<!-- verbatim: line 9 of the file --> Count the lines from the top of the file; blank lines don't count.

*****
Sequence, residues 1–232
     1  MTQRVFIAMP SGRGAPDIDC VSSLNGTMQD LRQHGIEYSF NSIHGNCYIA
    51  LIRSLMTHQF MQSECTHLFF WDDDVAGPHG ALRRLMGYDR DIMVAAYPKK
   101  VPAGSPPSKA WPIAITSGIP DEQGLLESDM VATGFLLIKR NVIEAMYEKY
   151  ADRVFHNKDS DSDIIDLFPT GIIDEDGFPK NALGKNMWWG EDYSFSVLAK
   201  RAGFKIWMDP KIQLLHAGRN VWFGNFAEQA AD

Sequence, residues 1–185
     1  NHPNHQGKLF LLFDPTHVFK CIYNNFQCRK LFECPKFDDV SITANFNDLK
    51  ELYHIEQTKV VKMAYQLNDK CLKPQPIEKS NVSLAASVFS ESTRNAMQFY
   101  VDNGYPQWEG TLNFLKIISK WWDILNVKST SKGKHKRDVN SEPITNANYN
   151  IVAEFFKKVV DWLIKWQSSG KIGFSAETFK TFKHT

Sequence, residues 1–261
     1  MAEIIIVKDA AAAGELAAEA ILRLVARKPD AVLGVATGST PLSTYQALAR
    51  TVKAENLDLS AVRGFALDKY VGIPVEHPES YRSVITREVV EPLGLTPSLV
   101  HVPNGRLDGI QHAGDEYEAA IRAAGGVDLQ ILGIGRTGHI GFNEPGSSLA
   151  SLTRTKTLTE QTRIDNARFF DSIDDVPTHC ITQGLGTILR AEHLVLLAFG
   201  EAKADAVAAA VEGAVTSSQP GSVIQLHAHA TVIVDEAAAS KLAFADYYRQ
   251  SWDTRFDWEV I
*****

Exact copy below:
    51  ELYHIEQTKV VKMAYQLNDK CLKPQPIEKS NVSLAASVFS ESTRNAMQFY